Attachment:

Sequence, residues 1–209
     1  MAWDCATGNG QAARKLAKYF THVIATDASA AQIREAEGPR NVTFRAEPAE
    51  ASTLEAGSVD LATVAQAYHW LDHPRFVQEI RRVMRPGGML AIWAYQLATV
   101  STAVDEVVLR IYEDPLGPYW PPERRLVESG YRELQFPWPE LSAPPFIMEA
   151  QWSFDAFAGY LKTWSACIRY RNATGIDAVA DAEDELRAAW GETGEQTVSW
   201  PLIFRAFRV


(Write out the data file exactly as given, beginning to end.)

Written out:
Sequence, residues 1–209
     1  MAWDCATGNG QAARKLAKYF THVIATDASA AQIREAEGPR NVTFRAEPAE
    51  ASTLEAGSVD LATVAQAYHW LDHPRFVQEI RRVMRPGGML AIWAYQLATV
   101  STAVDEVVLR IYEDPLGPYW PPERRLVESG YRELQFPWPE LSAPPFIMEA
   151  QWSFDAFAGY LKTWSACIRY RNATGIDAVA DAEDELRAAW GETGEQTVSW
   201  PLIFRAFRV